@article {MATHEDUC.02341417,
author = {Wood, Michael},
title = {The case for crunchy methods in practical mathematics.},
year = {2001},
journal = {Philosophy of Mathematics Education Journal [electronic only]},
number = {14},
issn = {1465-2978},
pages = {19 p.},
publisher = {Professor Paul Ernest, University of Exeter, Graduate School of Education, Exeter},
abstract = {This paper focuses on the distinction between methods which are mathematically "clever", and those which are simply crude, typically repetitive and computer intensive, approaches for "crunching" out answers to problems. Examples of the latter include simulated probability distributions and resampling methods in statistics, and iterative methods for solving equations or optimisation problems. Most of these methods require software support, but this is easily provided by a PC. The paper argues that the crunchier methods often have substantial advantages from the perspectives of user-friendliness, reliability (in the sense that misuse is less likely), educational efficiency and realism. This means that they offer very considerable potential for simplifying the mathematical syllabus underlying many areas of applied mathematics such as management science and statistics: crunchier methods can provide the same, or greater, technical power, flexibility and insight, while requiring only a fraction of the mathematical conceptual background needed by their cleverer brethren.},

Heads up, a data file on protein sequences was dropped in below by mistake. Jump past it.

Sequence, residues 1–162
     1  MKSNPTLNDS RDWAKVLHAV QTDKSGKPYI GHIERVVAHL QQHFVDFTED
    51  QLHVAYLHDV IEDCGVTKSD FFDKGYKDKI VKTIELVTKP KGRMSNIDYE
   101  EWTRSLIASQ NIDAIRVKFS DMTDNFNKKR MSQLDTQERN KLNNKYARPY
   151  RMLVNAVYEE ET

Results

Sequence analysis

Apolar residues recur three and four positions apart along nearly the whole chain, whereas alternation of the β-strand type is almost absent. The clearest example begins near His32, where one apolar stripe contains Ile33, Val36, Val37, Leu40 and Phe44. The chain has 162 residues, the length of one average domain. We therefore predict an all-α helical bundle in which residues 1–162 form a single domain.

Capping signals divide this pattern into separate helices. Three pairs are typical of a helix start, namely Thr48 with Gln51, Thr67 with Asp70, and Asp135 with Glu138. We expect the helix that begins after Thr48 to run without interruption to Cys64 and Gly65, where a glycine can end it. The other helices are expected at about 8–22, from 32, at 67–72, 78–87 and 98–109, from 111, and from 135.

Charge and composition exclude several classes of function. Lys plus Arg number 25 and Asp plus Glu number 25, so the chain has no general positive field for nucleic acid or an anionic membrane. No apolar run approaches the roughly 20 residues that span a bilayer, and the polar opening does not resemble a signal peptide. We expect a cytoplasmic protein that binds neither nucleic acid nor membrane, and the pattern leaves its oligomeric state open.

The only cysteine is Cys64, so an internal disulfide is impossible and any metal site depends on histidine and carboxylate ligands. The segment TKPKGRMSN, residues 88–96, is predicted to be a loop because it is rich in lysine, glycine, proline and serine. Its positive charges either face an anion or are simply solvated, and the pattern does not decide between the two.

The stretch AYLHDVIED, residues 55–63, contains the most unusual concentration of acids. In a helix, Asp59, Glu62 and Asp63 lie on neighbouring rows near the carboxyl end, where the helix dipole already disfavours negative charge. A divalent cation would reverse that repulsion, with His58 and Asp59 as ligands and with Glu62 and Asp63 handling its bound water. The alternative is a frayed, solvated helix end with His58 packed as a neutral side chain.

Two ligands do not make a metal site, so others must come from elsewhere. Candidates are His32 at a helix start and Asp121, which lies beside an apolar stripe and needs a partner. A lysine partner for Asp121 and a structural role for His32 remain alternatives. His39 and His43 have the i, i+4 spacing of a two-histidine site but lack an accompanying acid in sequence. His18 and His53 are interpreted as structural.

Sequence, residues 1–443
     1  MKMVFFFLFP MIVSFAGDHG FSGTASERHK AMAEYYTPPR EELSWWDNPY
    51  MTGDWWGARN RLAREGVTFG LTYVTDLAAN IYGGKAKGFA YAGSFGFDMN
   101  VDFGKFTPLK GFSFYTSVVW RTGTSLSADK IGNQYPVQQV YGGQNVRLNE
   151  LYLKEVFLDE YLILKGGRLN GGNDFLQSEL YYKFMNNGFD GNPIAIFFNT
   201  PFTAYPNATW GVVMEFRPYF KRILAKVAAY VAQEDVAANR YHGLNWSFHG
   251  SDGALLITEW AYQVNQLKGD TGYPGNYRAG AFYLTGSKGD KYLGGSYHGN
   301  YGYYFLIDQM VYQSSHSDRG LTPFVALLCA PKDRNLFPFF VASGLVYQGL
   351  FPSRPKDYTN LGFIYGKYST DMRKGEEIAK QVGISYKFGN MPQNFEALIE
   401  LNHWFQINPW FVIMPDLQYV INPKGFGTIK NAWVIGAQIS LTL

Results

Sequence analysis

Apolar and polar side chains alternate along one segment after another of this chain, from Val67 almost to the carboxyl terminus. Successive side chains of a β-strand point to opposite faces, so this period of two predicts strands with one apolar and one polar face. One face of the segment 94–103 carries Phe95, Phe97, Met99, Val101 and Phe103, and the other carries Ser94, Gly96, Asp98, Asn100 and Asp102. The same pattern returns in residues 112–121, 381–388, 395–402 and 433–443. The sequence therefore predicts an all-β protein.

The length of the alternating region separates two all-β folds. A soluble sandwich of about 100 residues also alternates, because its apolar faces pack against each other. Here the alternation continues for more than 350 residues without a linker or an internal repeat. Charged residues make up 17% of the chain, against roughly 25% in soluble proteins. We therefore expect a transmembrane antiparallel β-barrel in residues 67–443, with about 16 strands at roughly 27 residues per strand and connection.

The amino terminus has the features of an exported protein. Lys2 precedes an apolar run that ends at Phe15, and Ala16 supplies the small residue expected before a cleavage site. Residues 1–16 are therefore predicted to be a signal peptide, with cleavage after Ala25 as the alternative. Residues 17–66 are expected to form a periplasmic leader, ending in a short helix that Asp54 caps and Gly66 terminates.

msc2010 = {N10xx},
identifier = {2001e.04164},
}